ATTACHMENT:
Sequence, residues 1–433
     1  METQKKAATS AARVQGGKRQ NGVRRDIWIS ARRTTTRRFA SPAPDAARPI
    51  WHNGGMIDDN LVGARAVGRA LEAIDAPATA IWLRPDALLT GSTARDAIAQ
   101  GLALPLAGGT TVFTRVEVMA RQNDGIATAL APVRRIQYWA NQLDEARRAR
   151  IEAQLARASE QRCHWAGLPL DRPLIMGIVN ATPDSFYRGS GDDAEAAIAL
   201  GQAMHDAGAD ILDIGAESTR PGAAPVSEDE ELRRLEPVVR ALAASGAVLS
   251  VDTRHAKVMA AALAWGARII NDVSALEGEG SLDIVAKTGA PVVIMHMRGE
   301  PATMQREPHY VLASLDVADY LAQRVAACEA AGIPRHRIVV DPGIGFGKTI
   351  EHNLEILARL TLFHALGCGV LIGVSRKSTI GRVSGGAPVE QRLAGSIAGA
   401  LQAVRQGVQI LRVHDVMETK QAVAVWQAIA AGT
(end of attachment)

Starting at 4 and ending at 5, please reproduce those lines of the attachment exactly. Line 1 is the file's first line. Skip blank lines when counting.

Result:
   101  GLALPLAGGT TVFTRVEVMA RQNDGIATAL APVRRIQYWA NQLDEARRAR
   151  IEAQLARASE QRCHWAGLPL DRPLIMGIVN ATPDSFYRGS GDDAEAAIAL